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Save One Prominent Iranian to Help Safeguard Iranian Democracy Activists

The opinions expressed by columnists are their own and do not necessarily represent the views of Townhall.com.
Iranian Presidency Office via AP, File

Recently, I joined with 80 other current and former Iranian athletes and sports figures in signing a letter that urges an international commitment to saving the life of an Iranian national champion in wrestling, Navid Afkari. The 27-year-old is the youngest of three brothers who were arrested in 2018 for taking part in anti-government protests that summer in the city of Kazerun. While the two elder brothers have been handed prison sentences totaling more than 81 years, Navid Afkari was apparently made a scapegoat on the basis of his celebrity, and was given two death sentences along with a sentence of six and a half years in prison, and 74 lashes.

The Islamic Republic has a long history of treating prominent figures especially harshly when they express dissenting views, and Iranian athletes have an equally long history of speaking out publicly when their conscience is bothered by the regime’s behaviors. Many have paid for this dissent with their lives, including some whom I knew personally.

In 1984, the regime executed the former captain of the Iranian national soccer team, Habib Khabiri. He had been arrested the previous year after it was revealed that he had joined Iran’s leading pro-democracy opposition group, the People’s Mojahedin Organization of Iran (PMOI/MEK). Khabiri had been a close friend of mine.  We played in the same club for years and in the national games that led to Iran’s first appearance in the World cup in 1978. I’ll never forget his beautiful goal against Kuwait in the last qualifying game. The day that I received the news of his execution after facing severe torture has been one of my saddest days. Navid Afkari, too, has been subject to harsh and inhumane torture.

Afkari’s plight is close to my heart, but make no mistake, his case is not unique. Indeed, as Maryam Rajavi, the President-elect of the National Council of Resistance of Iran emphasized in a statement “the cry of the Afkari brothers is the cry of thousands upon thousands of political prisoners who were either martyred under torture or executed.” These include the 30,000 individuals who were massacred in 1988 as part of the regime’s effort to definitively stamp out the organized, democratic opposition.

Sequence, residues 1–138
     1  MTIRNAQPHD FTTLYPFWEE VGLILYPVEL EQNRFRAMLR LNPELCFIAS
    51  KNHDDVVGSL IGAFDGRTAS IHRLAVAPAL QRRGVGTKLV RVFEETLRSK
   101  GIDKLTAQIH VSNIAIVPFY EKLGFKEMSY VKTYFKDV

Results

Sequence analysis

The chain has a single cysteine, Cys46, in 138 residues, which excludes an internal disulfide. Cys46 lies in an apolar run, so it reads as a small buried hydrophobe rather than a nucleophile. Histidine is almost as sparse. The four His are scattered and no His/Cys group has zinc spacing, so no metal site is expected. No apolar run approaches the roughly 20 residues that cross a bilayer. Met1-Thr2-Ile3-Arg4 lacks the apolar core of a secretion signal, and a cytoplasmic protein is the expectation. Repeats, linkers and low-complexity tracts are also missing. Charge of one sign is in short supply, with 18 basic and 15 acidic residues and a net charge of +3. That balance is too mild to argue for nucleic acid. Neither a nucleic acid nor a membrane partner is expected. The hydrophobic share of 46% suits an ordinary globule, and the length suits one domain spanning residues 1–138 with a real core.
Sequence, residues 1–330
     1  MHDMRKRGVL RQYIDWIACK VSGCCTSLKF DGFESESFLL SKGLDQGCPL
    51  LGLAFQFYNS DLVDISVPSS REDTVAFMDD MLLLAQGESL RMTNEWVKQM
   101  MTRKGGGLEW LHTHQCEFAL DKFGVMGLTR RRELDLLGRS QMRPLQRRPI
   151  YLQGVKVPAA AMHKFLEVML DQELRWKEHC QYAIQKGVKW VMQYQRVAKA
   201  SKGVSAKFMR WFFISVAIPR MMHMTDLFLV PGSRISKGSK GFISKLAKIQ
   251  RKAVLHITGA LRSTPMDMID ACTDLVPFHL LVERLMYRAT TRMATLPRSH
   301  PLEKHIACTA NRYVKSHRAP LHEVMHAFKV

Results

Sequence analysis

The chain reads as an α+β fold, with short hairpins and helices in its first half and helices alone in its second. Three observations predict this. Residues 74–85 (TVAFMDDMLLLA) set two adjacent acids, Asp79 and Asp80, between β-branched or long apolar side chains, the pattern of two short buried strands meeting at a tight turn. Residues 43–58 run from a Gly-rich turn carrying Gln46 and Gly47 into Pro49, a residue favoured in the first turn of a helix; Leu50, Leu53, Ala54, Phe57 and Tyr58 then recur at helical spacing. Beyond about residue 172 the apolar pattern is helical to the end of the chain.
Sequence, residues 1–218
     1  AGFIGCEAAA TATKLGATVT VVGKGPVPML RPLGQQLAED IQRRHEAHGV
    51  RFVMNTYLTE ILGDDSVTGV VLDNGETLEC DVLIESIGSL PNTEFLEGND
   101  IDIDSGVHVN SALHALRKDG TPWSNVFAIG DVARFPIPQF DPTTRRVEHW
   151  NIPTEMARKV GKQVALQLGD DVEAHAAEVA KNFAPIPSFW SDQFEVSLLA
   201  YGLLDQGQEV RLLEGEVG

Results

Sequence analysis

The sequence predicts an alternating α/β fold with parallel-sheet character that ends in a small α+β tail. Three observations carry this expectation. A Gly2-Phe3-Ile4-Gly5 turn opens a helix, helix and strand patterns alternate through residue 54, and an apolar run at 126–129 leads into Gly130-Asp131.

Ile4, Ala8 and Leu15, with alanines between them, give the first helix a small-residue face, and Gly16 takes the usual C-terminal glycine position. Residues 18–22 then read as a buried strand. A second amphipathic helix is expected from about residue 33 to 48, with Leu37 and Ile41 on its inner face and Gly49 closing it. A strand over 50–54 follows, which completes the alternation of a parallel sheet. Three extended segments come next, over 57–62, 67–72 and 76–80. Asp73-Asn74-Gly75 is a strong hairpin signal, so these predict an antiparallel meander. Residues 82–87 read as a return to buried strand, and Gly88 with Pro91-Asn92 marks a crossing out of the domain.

Of course, that effort failed, as evidenced by the protest that landed the Afkari brothers in prison. That demonstration in Kazerun was only one of many that comprised a movement Mrs. Rajavi called a “year full of uprisings.” This in turn spanned much of the gap between two nationwide uprisings against the theocratic dictatorship, one in January 2018 and the other in November 2019. This overall trend in activism has put the regime under extraordinary pressure, leading it to lash out with some of the worst domestic repression since the time of the 1988 massacre.

At times like these, public figures like Navid Afkari can become especially powerful symbols of popular dissent. When international attention becomes focused on threats to these individuals, it can also raise awareness about other victims of the same crackdown. Our letter urges international athletic organizations and the United Nations to send a strong message to Iranian officials “that they cannot kill Iranian heroes only because they had exercised their most basic human rights.” But we expect that that message will be reiterated for every single political prisoner once those most at-risked have been saved.

More than 12,000 activists were arrested in connection with the November 2019 uprising and according to a recent Amnesty International report, they have been subject to savage tortures. About a dozen arrestees are known to have been sentenced to death, and others may join them as trials continue.

The warrior’s spirit that Afkari brings to wrestling is the same spirit as he will bring to the fight for democracy and human rights, if only he lives to see that fight continue. The UN, its member states, and governing bodies from every international sport can help to make sure he does, by declaring that if regime authorities move forward with this barbaric execution, they will soon face extreme sanctions and penalties, as befits any systematic violation of human rights.

On behalf of my countrymen and national athletes I would like to make it clear to the world that we reject the theocracy ruling Iran that is synonymous with murder and execution. The clerical regime has been engaged in terror and bloodletting for the past four decades and for most of that period the international community has been solely a bystander. The time for stopping the executions and changing the regime by the Iranian people has come.  

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